# != symbol query in C language

``````int x = 15 ;
printf ( "\n%d \t %d \t %d", x != 15, x = 20, x < 30 ) ;
``````

The output of the code is 1 20 1 but I assume it should be 0 20 1 since 15 == 15...

I am facing a problem with the "x != 15" part

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It should be x==20 not x=20. This causes your x variable to change from 15 and actually make that answer make sense. – Florin Stingaciu Jun 7 '12 at 20:37
Your 3rd argument to `printf` is `x = 20`, which assigns `x` to 20. C makes no guarantee as to the order the arguments are evaluated, so `x = 20` could be evaluated before `x != 15`. – vcsjones Jun 7 '12 at 20:44

In my experience, most lists of arguments are processed from the right to the left under most C / C++ compilers, even though the specification makes no statement about the required order of evaluation.

With such an understanding of how many compilers work, your list of arguments would be evaluated like so

``````printf ( "\n%d \t %d \t %d", x != 15, x = 20, x < 30 ) ;
``````

evaluates (possibly) in the order of

``````x < 30  => 1
x = 20 (assigns x to 20, returning 20) => 20
x != 15 => 1 (because x is now 20)
``````

If this evaluation order holds for your compiler, then rearranging the arguments like so

``````printf ( "\n%d \t %d \t %d", x < 30, x = 20, x != 15 ) ;
``````

should yeild

``````1 20 0
``````

because the comparison `x != 15` will occur before `x` is reassigned to 20.

The lesson of this exercise is to generally avoid assignments in list constructs (things that look like "a, b, c, d") or at least not to read assigned variables within the same list construct, as you cannot be assured of right to left or left to right evaluation (it's compiler dependent).

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To be blunt, the behavior is undefined, and the results will vary from compiler to compiler. – John Bode Jun 7 '12 at 22:01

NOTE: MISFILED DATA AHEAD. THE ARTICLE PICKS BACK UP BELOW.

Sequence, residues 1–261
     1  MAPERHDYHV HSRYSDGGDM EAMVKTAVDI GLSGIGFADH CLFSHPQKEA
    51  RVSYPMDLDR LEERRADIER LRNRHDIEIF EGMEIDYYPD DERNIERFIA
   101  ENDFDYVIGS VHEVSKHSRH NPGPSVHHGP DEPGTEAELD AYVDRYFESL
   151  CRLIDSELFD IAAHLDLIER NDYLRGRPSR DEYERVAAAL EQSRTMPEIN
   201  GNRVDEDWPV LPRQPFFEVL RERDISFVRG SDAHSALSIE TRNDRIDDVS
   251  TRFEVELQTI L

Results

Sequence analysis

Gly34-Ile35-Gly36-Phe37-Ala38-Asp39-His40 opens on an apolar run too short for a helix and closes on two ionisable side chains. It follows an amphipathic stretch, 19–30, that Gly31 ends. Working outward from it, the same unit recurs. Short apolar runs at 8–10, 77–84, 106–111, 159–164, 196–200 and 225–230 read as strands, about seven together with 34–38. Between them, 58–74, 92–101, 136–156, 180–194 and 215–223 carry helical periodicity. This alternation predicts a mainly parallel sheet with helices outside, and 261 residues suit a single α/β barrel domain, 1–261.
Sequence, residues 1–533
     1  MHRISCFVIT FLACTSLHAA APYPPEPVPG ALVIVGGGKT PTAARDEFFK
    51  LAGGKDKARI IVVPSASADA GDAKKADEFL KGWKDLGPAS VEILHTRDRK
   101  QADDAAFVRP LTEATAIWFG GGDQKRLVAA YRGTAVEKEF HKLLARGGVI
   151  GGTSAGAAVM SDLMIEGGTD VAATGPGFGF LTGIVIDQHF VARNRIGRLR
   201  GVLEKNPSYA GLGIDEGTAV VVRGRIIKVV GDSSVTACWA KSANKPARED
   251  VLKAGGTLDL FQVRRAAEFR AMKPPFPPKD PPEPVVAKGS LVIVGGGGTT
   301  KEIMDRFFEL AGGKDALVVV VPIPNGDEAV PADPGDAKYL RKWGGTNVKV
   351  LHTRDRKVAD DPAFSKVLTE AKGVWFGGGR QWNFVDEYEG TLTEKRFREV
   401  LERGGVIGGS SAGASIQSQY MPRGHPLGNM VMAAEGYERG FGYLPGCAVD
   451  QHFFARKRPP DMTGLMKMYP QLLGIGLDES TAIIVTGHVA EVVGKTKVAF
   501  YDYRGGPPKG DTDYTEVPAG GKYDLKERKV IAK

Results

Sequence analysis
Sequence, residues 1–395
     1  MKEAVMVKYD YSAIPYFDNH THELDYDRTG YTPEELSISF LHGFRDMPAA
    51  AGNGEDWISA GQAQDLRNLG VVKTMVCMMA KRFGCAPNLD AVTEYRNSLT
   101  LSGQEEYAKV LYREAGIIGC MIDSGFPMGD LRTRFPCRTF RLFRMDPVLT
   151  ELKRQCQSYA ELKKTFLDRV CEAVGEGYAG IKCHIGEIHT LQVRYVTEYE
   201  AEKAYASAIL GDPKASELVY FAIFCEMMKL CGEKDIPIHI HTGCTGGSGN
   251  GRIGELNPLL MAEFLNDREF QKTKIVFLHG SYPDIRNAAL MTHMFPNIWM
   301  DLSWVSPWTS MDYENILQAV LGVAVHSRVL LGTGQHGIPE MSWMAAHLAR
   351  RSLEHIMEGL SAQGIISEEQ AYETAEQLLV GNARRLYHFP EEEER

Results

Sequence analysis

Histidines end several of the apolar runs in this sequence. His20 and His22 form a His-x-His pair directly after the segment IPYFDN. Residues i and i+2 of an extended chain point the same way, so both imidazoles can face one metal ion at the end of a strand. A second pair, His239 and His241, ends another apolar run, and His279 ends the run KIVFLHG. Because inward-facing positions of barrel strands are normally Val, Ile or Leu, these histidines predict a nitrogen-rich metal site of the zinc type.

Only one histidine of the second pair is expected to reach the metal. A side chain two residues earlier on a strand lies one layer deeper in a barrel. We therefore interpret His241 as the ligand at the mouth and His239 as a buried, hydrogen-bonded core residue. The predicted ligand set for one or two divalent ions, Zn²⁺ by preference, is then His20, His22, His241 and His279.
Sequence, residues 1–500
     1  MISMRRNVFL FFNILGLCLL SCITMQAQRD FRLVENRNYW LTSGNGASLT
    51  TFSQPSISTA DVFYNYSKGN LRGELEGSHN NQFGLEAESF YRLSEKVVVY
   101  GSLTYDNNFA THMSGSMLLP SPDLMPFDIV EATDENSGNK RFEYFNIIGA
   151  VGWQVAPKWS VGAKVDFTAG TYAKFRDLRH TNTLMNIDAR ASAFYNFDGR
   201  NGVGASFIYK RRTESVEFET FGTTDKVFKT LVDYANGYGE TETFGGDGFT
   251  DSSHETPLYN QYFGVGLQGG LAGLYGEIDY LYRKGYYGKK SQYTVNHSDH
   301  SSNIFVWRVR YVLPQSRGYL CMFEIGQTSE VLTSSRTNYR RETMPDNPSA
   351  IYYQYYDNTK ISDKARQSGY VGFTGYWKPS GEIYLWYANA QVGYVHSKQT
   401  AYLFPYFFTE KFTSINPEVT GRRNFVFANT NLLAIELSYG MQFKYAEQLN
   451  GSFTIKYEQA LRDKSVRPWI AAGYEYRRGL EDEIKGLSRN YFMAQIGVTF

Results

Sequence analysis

@JohnBode I thought I made that clear, but most compilers being implemented using LR type parsers lead to efficient (and therefore selected) right to left list handling. If it wasn't clear that order of evaluation could not be assured, thank you for making it even more apparent. – Edwin Buck Jun 7 '12 at 22:52

You're assigning a new value to x with `x = 20`.

You can't assume any specific order to these operations in the argument list to a function call.

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I don't think he intended that at all. It doesn't look like he was surprised by the 20 in the output. I think he's only surprised that `x != 15` is evaluated after the assignment. – sepp2k Jun 7 '12 at 20:38
@sepp2k so it is, I read the question and the expected output more carefully and edited my answer. Thanks. – pb2q Jun 7 '12 at 20:39

Your code suffers from unspecified behaviour: the order in which the expressions are executed is not mandated by the Standard to be left-to-right. Try this instead

``````int x = 15 ;
int result1 = (x != 15);
int result2 = (x = 20);
int result3 = (x < 30);
printf ( "\n%d \t %d \t %d", result1, result2, result3 ) ;
``````
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